The transient receptor potential ankyrin 1 (TRPA1) channel has been proposed to be a molecular transducer of cold and inflammatory nociceptive signals. It is expressed on a subset of small primary afferent neurons both in the peripheral terminals, where it serves as a sensor, and on the central nerve endings in the dorsal horn. The substantia gelatinosa (SG) of the spinal cord is a key site for integration of noxious inputs. The SG neurons are morphologically and functionally heterogeneous and the precise synaptic circuits of the SG are poorly understood. We examined how activation of TRPA1 channels affects synaptic transmission onto SG neurons using in vitro and in vivo whole–cell patch–clamp recordings in adult rat spinal cord. We have shown that cinnamaldehyde (CA; selective TRPA1 agonist) elicited a barrage of excitatory postsynaptic currents (EPSCs) in a subset of the SG neurons. However, the role of TRPA1 on synaptic transmission in the spinal dorsal horn is not fully understood. In this study, an action of CA was investigated on dorsal root–evoked synaptic transmission to SG neurons in adult rat spinal cord slices by use of the whole–cell voltage–clamp technique. In about 30% of neurons examined, superfusing CA depressed C–fiber–evoked EPSCs. On the contrary, Aδ–fiber–evoked EPSCs were unaffected by CA in all of cells tested. Such a blockade action was not observed when CA was applied in the presence of a specific TRPA1 antagonist, HC–030031. Next, we examined the effects of mechanical stimuli to the skin during TRPA1 activation in the spinal dorsal horn by using in vivo patch clamp technique. Superfusing CA significantly inhibited pinch evoked EPSCs of the skin.
It is concluded that TRPA1 agonist CA specifically acts on a part of C–afferents, resulting in an inhibition of evoked excitatory transmission to the SG; this may contribute to, at least in part, an acute analgesic action of CA such as TRPV1 agonist capsaicin. These findings suggest that activation of spinal TRPA1 channels may have therapeutic potential for the treatment of pain.
Chronic pain is a complex state that involves unpleasant emotion, autonomic responses, helplessness against pain and movement disorder, as well as the sensation of pain itself. These memorized responses influence the present experience and behavior of the patient. A single treatment option is not enough to treat such a complex clinical state. Thus, our facility has several treatment programs to fit individual patients’ needs. We applied an individualized hypnotic approach to 161 patients who had not shown satisfactory improvement and were considered suitable subjects for psychotherapy.
A hypnosis session consisted of the introduction stage, which prepared the therapeutic contexts accommodated to the change in chronic pain as well as each patient’s history, and the induction stage, which mainly targeted non–pain body sensations. Among the patients who tried hypnosis, 71.1% experienced in–session analgesia (ISA), and 46.3% experienced out–of–session analgesia (OSA). The most of the first ISA was experienced before approximately the 10th session, and the most of the first OSA was experienced by approximately the 15th session after ISA.
Based on the process and degree of analgesia, the number of sessions, the leaning rate of self–hypnosis, and the patients’ characteristics and experiences in the above process, we attempted to determine the conditions under which the patients were successfully engaged in hypnosis, the stage of changes in their chronic pain, and the inhibitory factors against analgesia. Despite clinical differences among the patients and their pain situations, their responses to the hypnosis implied the importance of achieving pain cessation through their own therapeutic efforts.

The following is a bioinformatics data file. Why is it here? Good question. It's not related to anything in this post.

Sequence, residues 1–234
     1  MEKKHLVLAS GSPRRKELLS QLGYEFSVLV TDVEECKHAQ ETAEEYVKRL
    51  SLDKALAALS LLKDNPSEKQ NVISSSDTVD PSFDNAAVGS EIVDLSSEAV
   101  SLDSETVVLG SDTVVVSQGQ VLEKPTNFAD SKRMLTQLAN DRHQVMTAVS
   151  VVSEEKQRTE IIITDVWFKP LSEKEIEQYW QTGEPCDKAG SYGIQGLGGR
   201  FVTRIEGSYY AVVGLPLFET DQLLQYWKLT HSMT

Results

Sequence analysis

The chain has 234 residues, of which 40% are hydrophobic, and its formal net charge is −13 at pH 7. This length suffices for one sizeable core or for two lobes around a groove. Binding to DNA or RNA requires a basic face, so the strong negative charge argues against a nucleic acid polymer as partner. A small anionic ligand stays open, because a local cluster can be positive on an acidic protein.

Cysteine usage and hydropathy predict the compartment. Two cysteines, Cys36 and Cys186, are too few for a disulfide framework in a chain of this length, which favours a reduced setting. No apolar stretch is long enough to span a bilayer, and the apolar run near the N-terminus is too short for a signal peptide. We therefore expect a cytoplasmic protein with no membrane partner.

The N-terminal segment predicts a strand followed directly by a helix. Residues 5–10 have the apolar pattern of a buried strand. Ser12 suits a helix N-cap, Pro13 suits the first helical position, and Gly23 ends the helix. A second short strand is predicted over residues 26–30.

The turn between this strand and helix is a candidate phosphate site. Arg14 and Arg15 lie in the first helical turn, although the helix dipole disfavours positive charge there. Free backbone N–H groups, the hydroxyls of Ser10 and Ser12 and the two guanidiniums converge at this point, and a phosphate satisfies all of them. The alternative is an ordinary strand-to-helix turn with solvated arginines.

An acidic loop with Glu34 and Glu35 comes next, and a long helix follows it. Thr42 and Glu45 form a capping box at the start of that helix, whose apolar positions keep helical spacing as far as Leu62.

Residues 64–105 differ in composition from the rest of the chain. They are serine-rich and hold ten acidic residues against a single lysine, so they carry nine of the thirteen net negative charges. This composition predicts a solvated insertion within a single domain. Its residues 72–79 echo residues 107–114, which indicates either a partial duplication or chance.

Sixty–five patients (45 male, 20 female; mean age: 71.7 ± 0.9) who underwent microendoscopic muscle preserving interlaminar decompression for lumbar spinal stenosis (LSS) were classified according to degenerative spondylolisthesis and pattern of neurological disorder. We estimated concerning clinical results and association between low back pain (LBP) and lumbar lordosis (LL). Postoperatively, leg symptom as well as LBP significantly improved in all groups. The improvement of LBP was significantly correlated with the increase of LL. Lumbar decompression for LSS may improve LBP and the lumbar alignment regardless of spondylolisthesis and pattern of neurological disorder.
Background: Brain–derived neurotrophic factor (BDNF) may play an important neuromodulatory role in spinal cord. The aim of this study was assessed a relationship between pain–related behavior, expression of BDNF and p38 induced by nucleus pulposus (NP) applied to nerve roots in rats.
Methods: Adult female Sprague–Dawley rats were used. NP was applied to the left L5 DRG of rats in the NP group. In the sham group, the same procedure was performed without NP application on the DRG. The mechanical withdrawal threshold was investigated using von Frey hairs. And immunohistochemical analyses of phosphorylated p38 (p38) and BDNF in the spinal cord were observed to colocalize with neuron (NeuN) and microglia (OX42). The numbers of p38 and BDNF immune–reactive (IR) cells in the dorsal horn were counted.
Results: The mechanical withdrawal threshold in the NP group was significantly decreased for 35 days compared with that in the sham group. Both p38 and BDNF positive cells were localized with microglia and neurons in spinal cord. In the NP group, the expression of p38–IR and BDNF–IR cells increased from day 2 to 21 compared with the sham group.
Conclusions: According to the results of this study, the mechanical threshold was reduced from 2 days after surgery, and BDNF and p38 were expressed in both activated microglia and neurons in spinal cord. BDNF and p38 expression might be the important role to induce neuropathic pain.